[ppml] Re: [address-policy-wg] Is the time for conservation over?

Owen DeLong owen at delong.com
Mon Oct 27 11:54:53 EST 2003

> With IPv6 we are somewhat smarter. To begin with, all ISP
> allocations are the same size (/32) and they all come out
> of a /29 reservation. The ISP's allocation can grow 8 times
> before we need to use discontiguous blocks. End users are
> less likely to get an allocation from the registry because
> with their /48 from their ISP they can build huge internal
> networks and with IPv6 they can use a second /48 from another
> ISP to assign additional addresses to every one of their
> IPv6 hosts and have a functional form of multihomed connectivity.

I am confused by this statememt, and, it has been one of the things
on my list of "things I've heard about v6 that don't yet make
sense to me" for a while, so, I'm finally going to ask it here...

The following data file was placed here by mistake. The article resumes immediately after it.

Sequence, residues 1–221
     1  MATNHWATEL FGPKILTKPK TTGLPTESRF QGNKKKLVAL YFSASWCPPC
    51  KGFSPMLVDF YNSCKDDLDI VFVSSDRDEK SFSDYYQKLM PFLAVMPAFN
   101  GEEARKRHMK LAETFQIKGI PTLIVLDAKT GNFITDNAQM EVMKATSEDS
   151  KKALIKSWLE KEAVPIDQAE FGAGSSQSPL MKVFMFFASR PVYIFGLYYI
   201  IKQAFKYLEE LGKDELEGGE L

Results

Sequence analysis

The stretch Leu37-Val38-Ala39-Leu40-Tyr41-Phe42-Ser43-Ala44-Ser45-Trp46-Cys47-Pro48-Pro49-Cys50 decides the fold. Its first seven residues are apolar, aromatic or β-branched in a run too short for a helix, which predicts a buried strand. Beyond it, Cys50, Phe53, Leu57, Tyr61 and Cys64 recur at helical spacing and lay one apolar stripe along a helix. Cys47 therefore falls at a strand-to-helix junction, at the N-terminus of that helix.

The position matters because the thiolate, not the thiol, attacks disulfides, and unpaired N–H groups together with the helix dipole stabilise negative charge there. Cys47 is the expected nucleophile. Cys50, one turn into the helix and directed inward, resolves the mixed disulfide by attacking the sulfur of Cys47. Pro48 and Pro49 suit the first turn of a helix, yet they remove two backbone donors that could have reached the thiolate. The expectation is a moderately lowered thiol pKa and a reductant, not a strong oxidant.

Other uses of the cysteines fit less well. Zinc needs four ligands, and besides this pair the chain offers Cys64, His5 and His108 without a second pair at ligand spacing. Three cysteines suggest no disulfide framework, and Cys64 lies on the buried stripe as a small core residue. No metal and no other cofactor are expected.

How is this a functional form of multi-homed connectivity?

If I have a box with two /128s assigned to it, how does it know
which one corresponds to the provider that is up and routing
packets and not to use the one that is down at the moment?

To me, the whole point of multihoming is reliability.  That means,
my packets get through as long as at least one provider is up and
has reachability to/from the peer I want to talk to.  Does v6 require
me to run a routing protocol on EVERY host in order to do local
address selection for sourcing new conversations?

Seriously, I'm not trying to stir the pot, I just don't understand
this yet, and, now I need to know to make useful contribution to the

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